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Guardian Angel

by Stephanie Bedwell-Grime

(Telos Publishing, 9.99, 201 pages, paperback, published 2003.)

"Porsche Winter has a problem ... as a fully fledged guardian angel, she is charged with the safety of her clients at all times. But you take your eye off the monitor for just one moment and the Devil is in there with a demon snatching the soul from one of your clients. But not just any client! Dreamboat and all round lust object Alex Chalmers..."

So goes the publicity blurb for the first in cover scana proposed series of novels staring Guardian Angel Porsche Winter. Porsche is an up front and feisty character who in this first story gets literally entangled with the Devil, when she loses the chase for a soul, and is suitably demoted by her boss, none other than Gabriel himself. Finding herself working in the day to day dullness of the dream factory, she manages to contact Alex Chalmers through his dreams and the chase is on to retrieve his soul from the clutches of Lucifer.

Throughout this story we are introduced to various characters who will undoubtedly feature in the life of Porsche in the future, the most notable being the legendary cupid, who is the small cherubic fun loving best friend of Porsche, always there to advise and share a drink with our heroine.

Stephanie Bedwell-Grime takes us into the believable world of the hereafter where Heaven and Hell are constantly at each other's throats for dominance in the cut and thrust world of the afterlife. Heaven and Hell are run as businesses, the whole place is run by accountants and civil servants; when the Devil gets an upper hand, he manages to assert his authority over Heaven, getting a controlling seat on the board.

Bedwell-Grime paints vivid pictures with her pen. We can visualise the three stages of the hereafter, Heaven, The Netherworld and Hell, with sideshoots such as the Purgatory bar thrown in for good measure. Also the River Styx is brought vividly to life, where Porsche's father works as the ferryman and his dog Cerberus stands guard by the mouth of the Acheron. Wonderful stuff.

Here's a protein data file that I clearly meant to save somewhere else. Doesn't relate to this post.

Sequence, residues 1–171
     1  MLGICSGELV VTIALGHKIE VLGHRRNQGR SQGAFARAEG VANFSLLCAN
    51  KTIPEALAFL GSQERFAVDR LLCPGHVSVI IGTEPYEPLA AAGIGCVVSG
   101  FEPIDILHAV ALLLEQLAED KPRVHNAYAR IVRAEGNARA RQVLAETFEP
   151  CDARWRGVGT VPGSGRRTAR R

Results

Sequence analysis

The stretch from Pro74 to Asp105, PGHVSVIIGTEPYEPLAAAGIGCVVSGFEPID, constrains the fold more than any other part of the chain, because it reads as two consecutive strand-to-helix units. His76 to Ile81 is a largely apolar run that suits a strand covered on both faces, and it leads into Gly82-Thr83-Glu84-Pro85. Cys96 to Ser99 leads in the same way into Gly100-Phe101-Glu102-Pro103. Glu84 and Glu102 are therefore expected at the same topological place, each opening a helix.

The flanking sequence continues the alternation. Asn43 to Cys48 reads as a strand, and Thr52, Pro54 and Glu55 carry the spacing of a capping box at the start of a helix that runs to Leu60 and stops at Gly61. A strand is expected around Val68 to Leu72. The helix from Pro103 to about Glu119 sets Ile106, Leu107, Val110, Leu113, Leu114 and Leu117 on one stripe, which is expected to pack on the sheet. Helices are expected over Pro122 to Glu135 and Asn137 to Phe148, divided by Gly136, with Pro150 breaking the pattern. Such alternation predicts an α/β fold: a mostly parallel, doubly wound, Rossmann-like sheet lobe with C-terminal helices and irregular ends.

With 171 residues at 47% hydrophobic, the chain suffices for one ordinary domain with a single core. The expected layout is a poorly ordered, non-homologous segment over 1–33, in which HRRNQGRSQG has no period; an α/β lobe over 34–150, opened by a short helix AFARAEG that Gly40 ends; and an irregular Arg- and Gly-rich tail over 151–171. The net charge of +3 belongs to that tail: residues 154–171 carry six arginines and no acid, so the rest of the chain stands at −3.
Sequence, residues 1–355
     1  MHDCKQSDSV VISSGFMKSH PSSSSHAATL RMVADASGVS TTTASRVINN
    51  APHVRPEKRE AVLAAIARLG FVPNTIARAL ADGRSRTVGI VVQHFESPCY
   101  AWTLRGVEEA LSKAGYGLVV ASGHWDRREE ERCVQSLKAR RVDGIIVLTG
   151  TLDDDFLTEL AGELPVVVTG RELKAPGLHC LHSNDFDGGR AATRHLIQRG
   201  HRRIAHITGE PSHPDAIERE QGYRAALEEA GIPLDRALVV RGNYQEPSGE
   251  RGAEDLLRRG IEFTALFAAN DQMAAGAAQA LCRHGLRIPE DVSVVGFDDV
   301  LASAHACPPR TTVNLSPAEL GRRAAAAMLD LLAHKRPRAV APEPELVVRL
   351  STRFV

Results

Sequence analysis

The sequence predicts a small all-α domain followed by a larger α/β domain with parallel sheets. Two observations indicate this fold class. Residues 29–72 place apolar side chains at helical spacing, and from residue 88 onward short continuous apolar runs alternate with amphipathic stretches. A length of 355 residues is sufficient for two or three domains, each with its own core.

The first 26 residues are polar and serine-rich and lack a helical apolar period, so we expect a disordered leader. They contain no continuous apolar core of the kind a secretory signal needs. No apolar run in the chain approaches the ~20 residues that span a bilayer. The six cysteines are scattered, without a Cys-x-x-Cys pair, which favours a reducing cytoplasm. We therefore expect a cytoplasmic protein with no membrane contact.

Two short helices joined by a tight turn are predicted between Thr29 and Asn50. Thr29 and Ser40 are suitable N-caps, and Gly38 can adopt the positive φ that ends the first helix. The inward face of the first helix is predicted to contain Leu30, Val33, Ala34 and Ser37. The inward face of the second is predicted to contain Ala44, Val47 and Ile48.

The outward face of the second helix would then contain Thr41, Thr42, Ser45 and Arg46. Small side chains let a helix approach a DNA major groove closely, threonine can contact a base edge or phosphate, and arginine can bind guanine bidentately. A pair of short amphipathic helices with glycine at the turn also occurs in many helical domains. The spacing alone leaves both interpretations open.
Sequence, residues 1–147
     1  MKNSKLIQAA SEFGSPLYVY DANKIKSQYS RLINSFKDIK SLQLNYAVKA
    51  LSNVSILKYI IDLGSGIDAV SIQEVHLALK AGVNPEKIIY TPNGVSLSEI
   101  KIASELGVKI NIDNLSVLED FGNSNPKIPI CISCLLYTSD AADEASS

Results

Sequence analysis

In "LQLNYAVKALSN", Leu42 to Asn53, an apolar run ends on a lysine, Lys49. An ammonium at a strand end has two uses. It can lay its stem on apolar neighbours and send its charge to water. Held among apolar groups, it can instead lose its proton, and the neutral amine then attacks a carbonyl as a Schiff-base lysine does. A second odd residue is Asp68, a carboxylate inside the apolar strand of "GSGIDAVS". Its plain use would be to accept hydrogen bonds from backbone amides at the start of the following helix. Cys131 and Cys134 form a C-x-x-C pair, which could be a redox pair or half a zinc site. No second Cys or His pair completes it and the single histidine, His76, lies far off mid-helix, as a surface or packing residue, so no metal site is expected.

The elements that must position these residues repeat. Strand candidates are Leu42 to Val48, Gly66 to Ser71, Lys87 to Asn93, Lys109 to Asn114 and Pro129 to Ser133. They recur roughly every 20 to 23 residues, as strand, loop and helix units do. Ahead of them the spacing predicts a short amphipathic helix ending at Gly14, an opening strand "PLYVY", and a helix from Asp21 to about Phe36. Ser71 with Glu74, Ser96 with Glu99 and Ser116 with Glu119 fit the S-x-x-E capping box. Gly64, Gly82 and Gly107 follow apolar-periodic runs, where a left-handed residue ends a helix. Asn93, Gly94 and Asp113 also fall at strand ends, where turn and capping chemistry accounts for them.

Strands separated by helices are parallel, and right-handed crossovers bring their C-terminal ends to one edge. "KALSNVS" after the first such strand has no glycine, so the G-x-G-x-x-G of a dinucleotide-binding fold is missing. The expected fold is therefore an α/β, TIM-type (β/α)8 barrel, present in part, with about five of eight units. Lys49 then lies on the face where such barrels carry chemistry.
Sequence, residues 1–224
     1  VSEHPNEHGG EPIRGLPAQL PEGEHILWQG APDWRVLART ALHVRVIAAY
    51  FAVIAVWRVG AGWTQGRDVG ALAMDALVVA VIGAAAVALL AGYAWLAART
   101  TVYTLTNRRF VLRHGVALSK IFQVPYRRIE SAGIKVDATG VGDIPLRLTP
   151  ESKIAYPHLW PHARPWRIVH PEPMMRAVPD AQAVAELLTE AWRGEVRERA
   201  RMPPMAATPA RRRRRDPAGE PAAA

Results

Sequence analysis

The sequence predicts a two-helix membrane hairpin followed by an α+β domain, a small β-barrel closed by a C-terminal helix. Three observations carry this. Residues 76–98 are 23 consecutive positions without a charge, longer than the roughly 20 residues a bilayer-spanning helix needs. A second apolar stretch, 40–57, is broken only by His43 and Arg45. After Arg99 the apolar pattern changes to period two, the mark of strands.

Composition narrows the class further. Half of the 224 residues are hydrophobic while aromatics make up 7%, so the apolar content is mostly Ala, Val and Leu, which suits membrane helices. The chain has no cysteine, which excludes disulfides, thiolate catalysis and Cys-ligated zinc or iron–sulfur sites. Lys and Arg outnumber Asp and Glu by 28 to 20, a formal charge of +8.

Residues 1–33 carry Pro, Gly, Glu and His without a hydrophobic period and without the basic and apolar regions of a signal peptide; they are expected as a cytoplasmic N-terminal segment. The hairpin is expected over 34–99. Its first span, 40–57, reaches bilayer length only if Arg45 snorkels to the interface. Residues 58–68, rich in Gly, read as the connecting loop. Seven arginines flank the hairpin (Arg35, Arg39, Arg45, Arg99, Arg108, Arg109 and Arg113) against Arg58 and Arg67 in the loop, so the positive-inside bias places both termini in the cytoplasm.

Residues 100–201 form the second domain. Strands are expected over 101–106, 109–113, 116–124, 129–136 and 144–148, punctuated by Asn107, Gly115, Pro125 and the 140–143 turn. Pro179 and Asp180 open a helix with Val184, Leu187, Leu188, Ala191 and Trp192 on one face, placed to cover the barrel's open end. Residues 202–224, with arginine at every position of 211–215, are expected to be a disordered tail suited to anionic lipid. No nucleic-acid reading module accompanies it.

I liked this book very much, I found myself drawn into this beautifully realised world, the characters all leap off the page as fully drawn three dimensional figures with substance. The tale is told at a cracking pace, and by the end of the book I was left gasping for breath and eager for more. The story concludes in such a way that one is left in no doubt of the fun and adventure that Porsche and her cast of characters have ahead of her. To say any more would spoil a rather fun plot twist.

I suspect that the author is a fan of the Janet Evanovich Stephanie Plum books as Miss Winter shares a few of Miss Plum's virtues and characteristics. Like Plum, Winter has the potential to be around for a long time to come. All the settings are in place for a terrific series of novels.


Review by Russell Cook.


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